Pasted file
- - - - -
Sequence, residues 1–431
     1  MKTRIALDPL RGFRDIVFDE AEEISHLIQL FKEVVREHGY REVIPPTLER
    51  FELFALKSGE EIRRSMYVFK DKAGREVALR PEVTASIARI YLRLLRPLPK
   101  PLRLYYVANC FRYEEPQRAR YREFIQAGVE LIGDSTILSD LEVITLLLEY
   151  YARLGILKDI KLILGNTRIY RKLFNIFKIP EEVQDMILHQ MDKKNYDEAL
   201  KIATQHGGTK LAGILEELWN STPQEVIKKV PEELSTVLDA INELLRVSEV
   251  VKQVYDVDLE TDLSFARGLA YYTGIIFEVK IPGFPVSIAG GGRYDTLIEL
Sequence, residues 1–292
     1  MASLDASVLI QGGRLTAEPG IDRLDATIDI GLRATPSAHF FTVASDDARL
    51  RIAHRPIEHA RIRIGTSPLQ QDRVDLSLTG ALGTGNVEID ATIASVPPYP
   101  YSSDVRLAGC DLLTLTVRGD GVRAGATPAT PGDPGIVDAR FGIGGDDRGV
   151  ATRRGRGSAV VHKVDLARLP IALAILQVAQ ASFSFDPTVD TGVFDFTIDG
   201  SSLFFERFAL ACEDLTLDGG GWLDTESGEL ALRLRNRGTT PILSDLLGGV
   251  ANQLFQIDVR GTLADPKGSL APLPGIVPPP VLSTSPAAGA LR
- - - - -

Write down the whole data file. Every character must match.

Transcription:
Sequence, residues 1–431
     1  MKTRIALDPL RGFRDIVFDE AEEISHLIQL FKEVVREHGY REVIPPTLER
    51  FELFALKSGE EIRRSMYVFK DKAGREVALR PEVTASIARI YLRLLRPLPK
   101  PLRLYYVANC FRYEEPQRAR YREFIQAGVE LIGDSTILSD LEVITLLLEY
   151  YARLGILKDI KLILGNTRIY RKLFNIFKIP EEVQDMILHQ MDKKNYDEAL
   201  KIATQHGGTK LAGILEELWN STPQEVIKKV PEELSTVLDA INELLRVSEV
   251  VKQVYDVDLE TDLSFARGLA YYTGIIFEVK IPGFPVSIAG GGRYDTLIEL
Sequence, residues 1–292
     1  MASLDASVLI QGGRLTAEPG IDRLDATIDI GLRATPSAHF FTVASDDARL
    51  RIAHRPIEHA RIRIGTSPLQ QDRVDLSLTG ALGTGNVEID ATIASVPPYP
   101  YSSDVRLAGC DLLTLTVRGD GVRAGATPAT PGDPGIVDAR FGIGGDDRGV
   151  ATRRGRGSAV VHKVDLARLP IALAILQVAQ ASFSFDPTVD TGVFDFTIDG
   201  SSLFFERFAL ACEDLTLDGG GWLDTESGEL ALRLRNRGTT PILSDLLGGV
   251  ANQLFQIDVR GTLADPKGSL APLPGIVPPP VLSTSPAAGA LR